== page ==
Monday, 22 February 2010 INDEX


For most of my adult life this country has been in one emergency or another. In the 20th century it was usually the IRA, though the Argentinians and animal activists were capable of raising the pulse from time to time. In the last decade it has been the so called war against terror and the all too real wars in Iraq and Afghanistan.

Of course, there have been brief moments of respite, like the collapse of the Berlin Wall when people talked about a peace dividend. But these did not last long.

After such a sustained period of emergencies is it not time to wonder if these conditions suit our politicians? As Shakespeare has the cynical ruler say in Henry IV part II, governments aim to "busy giddy minds with foreign quarrels".

When I walk out of my home I am immediately picked up by a cctv camera. There are many of them where I live.

This reminds me of George Orwell's version of Big Brother, not perhaps as terrifying as the prospect of being forced to watch the tv version of Big Brother, but almost as bad.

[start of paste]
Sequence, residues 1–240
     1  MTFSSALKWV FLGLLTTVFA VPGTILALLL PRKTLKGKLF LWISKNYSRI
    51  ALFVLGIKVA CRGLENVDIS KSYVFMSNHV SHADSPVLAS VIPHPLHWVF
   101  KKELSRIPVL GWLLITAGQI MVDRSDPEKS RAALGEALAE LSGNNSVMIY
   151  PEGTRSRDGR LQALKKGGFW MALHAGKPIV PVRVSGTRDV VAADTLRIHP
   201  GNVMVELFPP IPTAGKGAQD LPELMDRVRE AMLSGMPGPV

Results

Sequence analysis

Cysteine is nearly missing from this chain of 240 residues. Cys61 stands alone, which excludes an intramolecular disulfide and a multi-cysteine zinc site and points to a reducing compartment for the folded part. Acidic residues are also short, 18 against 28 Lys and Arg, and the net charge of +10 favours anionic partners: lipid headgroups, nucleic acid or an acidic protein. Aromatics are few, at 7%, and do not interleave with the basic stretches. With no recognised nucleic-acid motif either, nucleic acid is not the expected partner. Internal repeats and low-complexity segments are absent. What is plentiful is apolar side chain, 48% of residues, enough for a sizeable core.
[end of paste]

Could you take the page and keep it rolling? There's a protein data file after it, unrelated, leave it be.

In Orwell's "1984", the three world powers are constantly at war with each other. These wars seem to have very little to do with the population's lives on a day to day basis. But they do permit extraordinary abuses of civil liberty. After all, surely it is worth sacrificing a few freedoms in the pursuit of a victory against an enemy as terrible as... Here you can fill in your own name: Argies, provos, Taliban, Sadaam, whatever.

If the process of government leads to a requirement to keep populations permanently cowed by the fear of a terrible enemy, then government is very dangerous. It's OK to tweak the tiger's tail when the tiger can't really do you much harm.

But these days it's quite possible to conceive of one of these so called enemies getting hold of truly devastating weapons. Once the scientific and technical genie is out of the bottle, you can't put it back. Nuclear weapons, for example, are within the technical grasp of quite small nations (like North Korea).

Constant warfare, or anti-terror campaigns, brings forward the day when a nuke, or some even more devastating weapon, will be used. It does not have to be this way. After the Second World War America committed huge resources to re-building Germany in the Marshall plan. A new Marshall plan in the middle east would probably make the world a lot safer than chasing Al-Qaeda, Al-Qaida or Al-Qa'ida in Afghanistan, and it would almost certainly cost a lot less.
Monday, 22 February 2010INDEX